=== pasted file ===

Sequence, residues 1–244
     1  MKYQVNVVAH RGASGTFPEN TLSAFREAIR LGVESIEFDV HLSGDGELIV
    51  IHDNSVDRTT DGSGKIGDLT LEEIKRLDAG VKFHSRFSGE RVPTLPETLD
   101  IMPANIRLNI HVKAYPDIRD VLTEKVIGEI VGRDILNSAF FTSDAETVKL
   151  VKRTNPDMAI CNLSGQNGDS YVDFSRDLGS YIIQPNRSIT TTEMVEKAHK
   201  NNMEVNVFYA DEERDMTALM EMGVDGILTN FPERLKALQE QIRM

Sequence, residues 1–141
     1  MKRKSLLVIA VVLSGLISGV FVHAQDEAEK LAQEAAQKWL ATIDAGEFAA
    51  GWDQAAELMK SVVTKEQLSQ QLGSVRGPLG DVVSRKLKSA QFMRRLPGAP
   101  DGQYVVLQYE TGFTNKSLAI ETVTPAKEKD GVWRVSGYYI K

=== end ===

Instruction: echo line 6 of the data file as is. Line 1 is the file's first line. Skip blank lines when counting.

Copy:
   201  NNMEVNVFYA DEERDMTALM EMGVDGILTN FPERLKALQE QIRM